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October 27, 2020
Jamaica bishops on Pope’s comments
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Conversion therapy – harmful or not?

The determined promotion of the LGBTQ+ agenda has gone so far as to ban all sexual orientation change efforts (SOCE) and gender identity change efforts (GICE) by licenced professional counsellors, for minors as well as for adults who voluntarily seek such help.

This was the case in August this year in Anchorage, Alaska, where the local Assembly passed such an ordinance (FRC Action, September 2, 2020).

Peter Sprigg of the Family Research Council (FRC), warned the Assembly that the ordinance could be challenged on the grounds that it would violate such constitutional principles as freedom of speech, freedom of religion, and parental rights, as well as basic ethical principles of the counselling profession, such as confidentiality, privacy, and client autonomy.

In September 2019 a district court judge in Tampa, Florida, struck down a ban on therapy for minors on the basis that Florida state law did not permit regulation of healthcare by local government, but he also signalled that the scientific evidence that such bans should be imposed was weak.

Sprigg also pointed the Anchorage Assembly to the case of the New York City Council which repealed a ban on therapy even for those adults actively seeking it, after it was challenged in court by a licenced Jewish psychotherapist.

Sarah Kramer of the Alliance Defending Freedom (ADF) underscored the duplicity of the ordinance in a  January 24, 2019 post on the ADF website:

“Under this law, a counselor is free to help a patient explore, develop, or gain comfort with same-sex attractions or almost any gender identity imaginable … But the law prohibits a counselor from assisting a patient who wishes to reduce same-sex attraction or achieve comfort in a gender identity that matches her or his physical body.”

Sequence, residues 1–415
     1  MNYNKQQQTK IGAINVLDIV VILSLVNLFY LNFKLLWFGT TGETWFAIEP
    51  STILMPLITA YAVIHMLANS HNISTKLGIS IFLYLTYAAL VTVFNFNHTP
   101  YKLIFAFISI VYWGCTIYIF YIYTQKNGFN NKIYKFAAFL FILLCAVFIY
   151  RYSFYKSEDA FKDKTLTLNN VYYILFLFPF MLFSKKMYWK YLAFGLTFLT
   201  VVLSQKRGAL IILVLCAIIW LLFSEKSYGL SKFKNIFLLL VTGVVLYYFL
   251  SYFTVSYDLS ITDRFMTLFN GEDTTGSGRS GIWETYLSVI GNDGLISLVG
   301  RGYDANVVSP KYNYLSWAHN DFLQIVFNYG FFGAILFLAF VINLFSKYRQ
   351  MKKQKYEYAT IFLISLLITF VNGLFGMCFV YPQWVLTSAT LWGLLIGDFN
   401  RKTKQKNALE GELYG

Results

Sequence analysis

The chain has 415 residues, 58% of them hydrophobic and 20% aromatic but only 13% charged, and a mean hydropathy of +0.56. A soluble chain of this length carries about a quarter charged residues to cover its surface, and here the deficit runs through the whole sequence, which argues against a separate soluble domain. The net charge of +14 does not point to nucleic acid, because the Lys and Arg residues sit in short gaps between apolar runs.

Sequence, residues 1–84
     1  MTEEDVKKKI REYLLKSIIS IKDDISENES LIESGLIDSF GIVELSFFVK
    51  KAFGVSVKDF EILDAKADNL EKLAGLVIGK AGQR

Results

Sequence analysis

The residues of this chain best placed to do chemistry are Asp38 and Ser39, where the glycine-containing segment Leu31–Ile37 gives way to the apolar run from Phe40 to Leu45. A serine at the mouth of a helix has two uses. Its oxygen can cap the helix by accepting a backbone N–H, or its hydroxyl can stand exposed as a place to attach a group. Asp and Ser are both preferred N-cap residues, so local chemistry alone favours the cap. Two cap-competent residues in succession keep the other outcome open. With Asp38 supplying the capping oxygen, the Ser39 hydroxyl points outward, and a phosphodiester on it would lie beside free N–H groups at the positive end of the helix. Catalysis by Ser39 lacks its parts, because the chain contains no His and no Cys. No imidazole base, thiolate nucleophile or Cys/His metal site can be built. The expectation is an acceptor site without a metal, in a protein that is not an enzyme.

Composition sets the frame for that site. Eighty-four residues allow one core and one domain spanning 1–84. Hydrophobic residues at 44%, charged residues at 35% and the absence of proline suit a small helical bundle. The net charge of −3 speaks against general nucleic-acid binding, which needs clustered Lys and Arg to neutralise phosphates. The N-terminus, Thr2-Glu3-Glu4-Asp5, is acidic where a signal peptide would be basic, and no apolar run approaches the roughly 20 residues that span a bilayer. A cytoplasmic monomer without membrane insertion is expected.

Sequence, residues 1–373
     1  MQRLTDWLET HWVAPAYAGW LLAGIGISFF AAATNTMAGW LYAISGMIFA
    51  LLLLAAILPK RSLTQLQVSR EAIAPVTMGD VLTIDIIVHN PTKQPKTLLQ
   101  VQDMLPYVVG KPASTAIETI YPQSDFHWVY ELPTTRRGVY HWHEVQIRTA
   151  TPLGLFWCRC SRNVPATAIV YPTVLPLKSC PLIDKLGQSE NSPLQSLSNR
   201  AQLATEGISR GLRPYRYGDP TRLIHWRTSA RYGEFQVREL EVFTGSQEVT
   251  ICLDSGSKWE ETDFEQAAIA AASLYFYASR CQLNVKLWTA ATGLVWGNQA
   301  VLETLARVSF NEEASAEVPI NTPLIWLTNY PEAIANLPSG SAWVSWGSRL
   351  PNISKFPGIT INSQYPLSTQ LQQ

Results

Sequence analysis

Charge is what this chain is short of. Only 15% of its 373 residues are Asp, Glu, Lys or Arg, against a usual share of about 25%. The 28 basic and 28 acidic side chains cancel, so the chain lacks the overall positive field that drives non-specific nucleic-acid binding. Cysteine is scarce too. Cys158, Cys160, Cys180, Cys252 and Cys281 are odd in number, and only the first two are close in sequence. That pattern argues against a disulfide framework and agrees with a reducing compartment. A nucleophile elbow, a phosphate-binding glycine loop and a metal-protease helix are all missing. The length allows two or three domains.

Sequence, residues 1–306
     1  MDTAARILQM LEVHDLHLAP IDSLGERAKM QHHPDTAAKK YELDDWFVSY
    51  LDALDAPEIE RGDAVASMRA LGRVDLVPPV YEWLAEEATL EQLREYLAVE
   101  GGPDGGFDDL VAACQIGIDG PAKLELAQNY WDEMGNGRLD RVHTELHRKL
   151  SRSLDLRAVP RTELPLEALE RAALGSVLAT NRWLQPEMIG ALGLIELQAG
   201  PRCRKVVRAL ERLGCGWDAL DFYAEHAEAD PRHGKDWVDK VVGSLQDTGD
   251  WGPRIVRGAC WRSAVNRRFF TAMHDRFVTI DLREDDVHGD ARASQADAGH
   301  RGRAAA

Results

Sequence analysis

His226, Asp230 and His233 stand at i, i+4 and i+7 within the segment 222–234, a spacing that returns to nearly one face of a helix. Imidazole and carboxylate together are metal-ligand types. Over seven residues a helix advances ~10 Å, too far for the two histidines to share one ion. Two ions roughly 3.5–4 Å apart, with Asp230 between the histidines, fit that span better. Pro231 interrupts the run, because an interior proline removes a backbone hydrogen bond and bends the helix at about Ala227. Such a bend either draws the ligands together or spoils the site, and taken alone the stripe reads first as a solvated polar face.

International pressure to ban SOCE and GICE, variously referred to as “conversion or reparative therapy”, is mounting, on the grounds that such therapy is harmful.

A  June 21, 2020 UN News article reports that the UN Independent Expert on Sexual Orientation and Gender Identity, Victor Madrigal-Borloz, is calling for a global ban on such “bogus therapies”.

According to Rachel Savage in a  February 26 Thompson Reuters Foundation News’ article, to date, only Brazil, Ecuador and Malta have national bans on conversion therapy.

Dr Philip M Sutton, a licenced marriage and family therapist who has worked with Courage, an international apostolate of the Catholic Church which ministers to persons with same-sex attractions, challenges the imposition of such bans on the basis of claims that they are harmful.

In an article published in Volume 82, 2015, Issue 4, of the Linacre Quarterly, ‘Professional care for unwanted same-sex attraction: What does the research say?’,  Dr Sutton establishes that  (1) “all mental-health services for all personal and interpersonal concerns have a potential for harm” and (2) “responsible science has not yet shown whether the degree of risk for harm from professional care for unwanted same-sex attraction (SSA) is greater, the same as, or less than the risk for any other psychotherapy.”

He points out that it is therefore deceitful to ban such care on the basis of the potential harm that it can cause, and concludes that “persons who experience unwanted SSAs and behaviors have the right to receive professional care to try to change … these feelings and behaviors if they choose to do so.”

This concurs with the teaching of article 2359 of the Catechism of the Catholic Church that “Homosexual persons … by the virtues of self-mastery that teach them inner freedom … can and should gradually and resolutely approach Christian perfection.”

We invoke the intercession of Pope St John Paul II, great defender of the natural law, so that right reason will prevail in this matter.


A monthly column by the Emmanuel Community: 46 Rosalino Street, Woodbrook.Tel:628-1064;